Finding the words to help a friend

Talking about feelings is difficult for most people, but especially so for our generation and those older than us. But if someone you care about is struggling, you may be the person who can help them find their way out of the darkness.

As the “tough it out” generation, many of us have no experience talking about our worries and feelings and may have never done so in the past. Some may worry about what people will think if they start spouting off about themselves; some wouldn’t dare impose their troubles on someone else; and others are afraid to show any signs of weakness or “not coping”.

Does this sound like anyone you know?

Opening up a conversation about anxiety or depression with a friend, acquaintance or family member can be awkward, but it can make an enormous difference to their lives. As the man in the video below says, every minute spent in the dark hole is a waste.

Here are some conversation tips, starters and phrases, as recommended by BeyondBlue, that can help you get the conversation started.

Ad. Article continues below.
  • I’m here for you: Anxiety and depression can make people feel very isolated and alone. Hearing someone say explicitly that they’ll be there, and will stick by you during recovery, can really help. Of course, it’s most important that you follow through on that promise.
  • I can see this is a really hard time for you. Validating that the experience of anxiety and depression is difficult is one of the most helpful things you can say. The least helpful statements are those that shut down the conversation (“I know how you feel”, “just snap out of it”, “you’re attention seeking”, “think more positively”, “you’ll be right”, “just get over it”).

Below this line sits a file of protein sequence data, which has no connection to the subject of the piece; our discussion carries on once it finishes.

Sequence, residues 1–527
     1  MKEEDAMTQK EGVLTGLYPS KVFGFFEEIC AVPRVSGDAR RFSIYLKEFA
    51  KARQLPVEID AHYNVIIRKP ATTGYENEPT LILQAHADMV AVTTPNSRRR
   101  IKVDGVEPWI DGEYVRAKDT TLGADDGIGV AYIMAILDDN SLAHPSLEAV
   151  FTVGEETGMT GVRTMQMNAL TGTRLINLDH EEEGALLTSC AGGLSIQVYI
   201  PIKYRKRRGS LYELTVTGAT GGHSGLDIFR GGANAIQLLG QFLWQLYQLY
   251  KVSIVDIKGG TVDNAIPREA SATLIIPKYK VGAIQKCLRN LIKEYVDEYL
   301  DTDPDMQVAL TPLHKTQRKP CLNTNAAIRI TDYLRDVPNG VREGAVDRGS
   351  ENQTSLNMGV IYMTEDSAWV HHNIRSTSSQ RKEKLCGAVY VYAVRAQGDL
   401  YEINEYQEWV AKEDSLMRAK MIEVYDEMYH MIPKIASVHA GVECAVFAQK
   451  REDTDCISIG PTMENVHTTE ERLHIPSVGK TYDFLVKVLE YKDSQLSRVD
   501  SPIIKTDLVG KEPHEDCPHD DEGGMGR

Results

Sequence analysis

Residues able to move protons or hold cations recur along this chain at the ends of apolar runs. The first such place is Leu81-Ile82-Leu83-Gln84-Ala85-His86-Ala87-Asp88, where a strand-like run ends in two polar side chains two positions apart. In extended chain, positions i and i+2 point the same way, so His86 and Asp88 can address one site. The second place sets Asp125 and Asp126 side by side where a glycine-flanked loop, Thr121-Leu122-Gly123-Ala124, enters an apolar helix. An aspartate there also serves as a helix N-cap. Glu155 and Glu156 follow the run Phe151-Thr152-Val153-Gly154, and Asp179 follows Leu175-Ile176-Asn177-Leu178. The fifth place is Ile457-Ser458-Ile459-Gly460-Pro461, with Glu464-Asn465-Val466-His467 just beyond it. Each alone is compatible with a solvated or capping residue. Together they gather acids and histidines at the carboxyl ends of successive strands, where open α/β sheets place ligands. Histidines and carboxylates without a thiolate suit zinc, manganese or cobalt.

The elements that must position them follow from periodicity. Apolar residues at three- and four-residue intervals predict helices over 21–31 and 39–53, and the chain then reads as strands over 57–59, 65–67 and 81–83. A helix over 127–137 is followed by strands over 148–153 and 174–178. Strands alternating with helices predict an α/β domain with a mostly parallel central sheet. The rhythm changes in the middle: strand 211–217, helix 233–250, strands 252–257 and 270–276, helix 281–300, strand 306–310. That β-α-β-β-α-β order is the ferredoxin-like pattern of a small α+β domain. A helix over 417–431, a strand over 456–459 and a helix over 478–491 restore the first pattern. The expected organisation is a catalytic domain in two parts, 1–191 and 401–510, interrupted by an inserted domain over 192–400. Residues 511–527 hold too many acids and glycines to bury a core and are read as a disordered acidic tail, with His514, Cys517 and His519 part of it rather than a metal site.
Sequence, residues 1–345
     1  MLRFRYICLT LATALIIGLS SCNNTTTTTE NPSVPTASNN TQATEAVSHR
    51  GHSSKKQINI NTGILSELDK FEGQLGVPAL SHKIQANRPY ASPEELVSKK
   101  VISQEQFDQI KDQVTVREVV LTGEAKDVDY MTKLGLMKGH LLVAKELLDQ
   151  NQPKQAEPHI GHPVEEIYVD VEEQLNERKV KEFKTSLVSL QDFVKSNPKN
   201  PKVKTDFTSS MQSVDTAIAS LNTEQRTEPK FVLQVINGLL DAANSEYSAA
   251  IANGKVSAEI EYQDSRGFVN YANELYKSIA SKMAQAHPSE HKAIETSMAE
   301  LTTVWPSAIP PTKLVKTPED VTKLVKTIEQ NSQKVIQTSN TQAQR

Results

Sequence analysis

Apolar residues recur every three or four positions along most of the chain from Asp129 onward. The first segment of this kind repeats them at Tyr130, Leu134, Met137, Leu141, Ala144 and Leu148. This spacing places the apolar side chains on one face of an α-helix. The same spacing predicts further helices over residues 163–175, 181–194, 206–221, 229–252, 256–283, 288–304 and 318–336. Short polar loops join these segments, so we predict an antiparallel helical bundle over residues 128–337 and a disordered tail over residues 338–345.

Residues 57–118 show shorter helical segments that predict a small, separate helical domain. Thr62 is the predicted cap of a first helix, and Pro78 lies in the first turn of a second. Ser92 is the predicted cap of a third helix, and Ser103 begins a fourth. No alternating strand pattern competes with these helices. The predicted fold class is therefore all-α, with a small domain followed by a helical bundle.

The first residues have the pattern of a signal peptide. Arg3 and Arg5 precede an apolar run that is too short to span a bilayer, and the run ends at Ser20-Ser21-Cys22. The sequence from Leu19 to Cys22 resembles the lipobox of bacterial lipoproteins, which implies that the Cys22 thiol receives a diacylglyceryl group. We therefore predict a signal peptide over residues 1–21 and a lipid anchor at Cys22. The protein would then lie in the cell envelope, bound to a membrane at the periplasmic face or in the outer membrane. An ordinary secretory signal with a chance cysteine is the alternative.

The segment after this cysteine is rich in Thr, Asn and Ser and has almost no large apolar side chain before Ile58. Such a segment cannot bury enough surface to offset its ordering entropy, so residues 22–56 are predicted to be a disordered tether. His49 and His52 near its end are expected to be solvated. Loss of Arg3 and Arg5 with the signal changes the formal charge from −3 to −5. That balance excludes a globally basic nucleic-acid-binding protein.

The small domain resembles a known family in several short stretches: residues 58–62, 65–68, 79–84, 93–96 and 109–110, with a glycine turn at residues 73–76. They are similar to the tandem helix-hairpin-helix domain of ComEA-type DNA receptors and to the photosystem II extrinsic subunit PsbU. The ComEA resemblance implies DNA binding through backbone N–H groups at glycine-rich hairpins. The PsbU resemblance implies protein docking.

• What can I do to help? Just tell me how. Ask them to be honest about how you can help them. The support they need will change throughout their recovery so be prepared to be flexible. Taking initiative and doing small things to show you care can also help.
  • I’m not sure what to do, but I’m sure we can figure it out together. You don’t have to always have the answers – and it’s best not to pretend you do. What’s important is that you’re willing to stick around and help them figure out how to start feeling better.
  • I know it doesn’t feel like it now but there is hope that things can get better. Encourage hope. Remind them that anxiety and depression are treatable, and with the right support, most people recover.
  • Have you thought about seeing your doctor or calling beyondblue? There is support available. Highlight the importance of seeking professional support. Friends and family can offer a great deal of support but professionals have a crucial role in treating anxiety and depression and promoting recovery.
  • This conversation is between you and me. It’s important you are able to be trusted. Respect their privacy by not sharing what they tell you with anyone unless they say you can (unless they are at risk of hurting themselves).
  • Do you feel like doing something together to help take your mind off things? It’s best not to talk about how they’re feeling all the time. Doing an activity you both enjoy can help people with anxiety and depression change the focus of their negative thinking and offer a sense of hope for the future.
  • I have noticed you seem to be doing better lately. Is that how it feels for you? Noticing the positive changes can be hard to spot, particularly if they are small and gradual. But gently pointing out your observations can help them to feel like things might just be improving.
Ad. Article continues below.

This video explains why it’s so important to reach out to people you care about who seems to be struggling.

Have you ever reached out to someone who is depressed or anxious? What tips can you add?